Your research highlights the importance of time in the hospital production process. How does this play out?

I look at this from three dimensions, each a separate part of a patient’s journey through hospital.

The first two relate to waiting for treatment. For elective patients, this means waiting for an appointment, and previous work has shown that patients attach significant value to reductions in these wait times. I show that trauma and orthopaedic patients would be better off with further wait time reductions, even if that leads to more crowding.

Emergency patients, in contrast, wait for treatment while physically in a hospital emergency department. I show that these waiting times can be very harmful and that by shortening these wait times we can actually save lives.

The third dimension relates to how long a patient spends in hospital recovering from surgery. I show that, at least on the margin of care for trauma and orthopaedic patients, an additional day in hospital has tangible benefits in terms of reducing the likelihood of experiencing an unplanned readmission.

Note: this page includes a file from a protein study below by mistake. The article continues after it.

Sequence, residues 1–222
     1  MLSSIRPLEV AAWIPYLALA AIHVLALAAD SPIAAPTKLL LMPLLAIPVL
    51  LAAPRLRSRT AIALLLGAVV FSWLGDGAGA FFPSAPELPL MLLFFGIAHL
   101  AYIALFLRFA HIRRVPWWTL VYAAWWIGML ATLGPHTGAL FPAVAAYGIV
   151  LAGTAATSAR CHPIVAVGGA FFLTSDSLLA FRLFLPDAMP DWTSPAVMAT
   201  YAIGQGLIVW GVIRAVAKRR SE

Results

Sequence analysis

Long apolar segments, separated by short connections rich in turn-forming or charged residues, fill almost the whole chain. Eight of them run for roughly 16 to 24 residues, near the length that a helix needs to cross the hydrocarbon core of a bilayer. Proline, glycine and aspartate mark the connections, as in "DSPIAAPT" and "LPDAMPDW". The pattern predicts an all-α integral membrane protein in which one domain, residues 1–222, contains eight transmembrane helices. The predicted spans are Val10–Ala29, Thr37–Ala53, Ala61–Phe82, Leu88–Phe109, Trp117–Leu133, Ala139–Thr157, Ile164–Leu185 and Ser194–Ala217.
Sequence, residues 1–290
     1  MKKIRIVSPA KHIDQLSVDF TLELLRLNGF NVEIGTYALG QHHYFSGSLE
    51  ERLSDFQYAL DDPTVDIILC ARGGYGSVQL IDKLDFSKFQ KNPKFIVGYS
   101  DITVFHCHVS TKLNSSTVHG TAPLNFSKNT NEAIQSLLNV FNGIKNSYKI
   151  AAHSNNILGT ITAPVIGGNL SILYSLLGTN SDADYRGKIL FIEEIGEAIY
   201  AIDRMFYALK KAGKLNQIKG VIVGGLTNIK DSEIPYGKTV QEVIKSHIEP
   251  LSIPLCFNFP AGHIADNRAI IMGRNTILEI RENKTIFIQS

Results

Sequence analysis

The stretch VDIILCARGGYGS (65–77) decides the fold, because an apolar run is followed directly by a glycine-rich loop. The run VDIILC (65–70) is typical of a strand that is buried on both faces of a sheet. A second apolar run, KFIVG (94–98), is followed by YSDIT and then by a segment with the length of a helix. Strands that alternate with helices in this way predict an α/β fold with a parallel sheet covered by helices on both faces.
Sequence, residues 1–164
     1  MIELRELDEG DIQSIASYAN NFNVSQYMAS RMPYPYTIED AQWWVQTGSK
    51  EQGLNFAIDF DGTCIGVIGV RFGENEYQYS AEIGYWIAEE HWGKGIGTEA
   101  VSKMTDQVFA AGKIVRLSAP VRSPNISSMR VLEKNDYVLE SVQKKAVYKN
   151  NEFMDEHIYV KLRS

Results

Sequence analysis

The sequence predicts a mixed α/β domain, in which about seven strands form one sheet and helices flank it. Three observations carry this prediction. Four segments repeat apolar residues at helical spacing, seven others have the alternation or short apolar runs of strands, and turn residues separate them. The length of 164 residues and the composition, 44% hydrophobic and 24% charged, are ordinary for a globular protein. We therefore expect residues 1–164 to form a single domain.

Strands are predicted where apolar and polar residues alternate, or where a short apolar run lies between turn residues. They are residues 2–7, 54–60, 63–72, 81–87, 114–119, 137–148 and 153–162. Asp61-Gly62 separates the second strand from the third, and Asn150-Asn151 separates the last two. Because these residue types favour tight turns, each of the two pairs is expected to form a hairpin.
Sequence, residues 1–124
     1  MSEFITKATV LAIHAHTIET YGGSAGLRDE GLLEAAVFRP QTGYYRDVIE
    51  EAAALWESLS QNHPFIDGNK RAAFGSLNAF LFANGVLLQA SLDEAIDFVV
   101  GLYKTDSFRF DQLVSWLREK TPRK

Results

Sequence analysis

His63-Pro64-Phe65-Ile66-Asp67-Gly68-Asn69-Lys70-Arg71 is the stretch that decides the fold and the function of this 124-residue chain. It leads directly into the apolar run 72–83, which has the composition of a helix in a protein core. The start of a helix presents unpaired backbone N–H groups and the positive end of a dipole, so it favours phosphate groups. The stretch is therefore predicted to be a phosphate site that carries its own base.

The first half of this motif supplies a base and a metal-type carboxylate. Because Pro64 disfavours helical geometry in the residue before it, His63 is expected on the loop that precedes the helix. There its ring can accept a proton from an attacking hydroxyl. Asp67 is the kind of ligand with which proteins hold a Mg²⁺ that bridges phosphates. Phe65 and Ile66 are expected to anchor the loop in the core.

How could your findings be practically employed in the NHS to improve productivity?

I would highlight two areas of my research that speak directly to the policy debate about NHS productivity.

First, while the wait time targets for elective care may have led to some crowding problems and subsequently more readmissions, the net benefit of these targets to trauma and orthopaedic patients is positive. Second, the wait time target for emergency departments also appears to have benefited patients: it saved lives at a reasonably cost-effective rate.

From the perspective of patients, therefore, I would argue these policies have been relatively successful and should be maintained.

# Sam Watson’s journal round-up for 9th July 2018

Every Monday our authors provide a round-up of some of the most recently published peer reviewed articles from the field. We don’t cover everything, or even what’s most important – just a few papers that have interested the author. Visit our Resources page for links to more journals or follow the HealthEconBot. If you’d like to write one of our weekly journal round-ups, get in touch.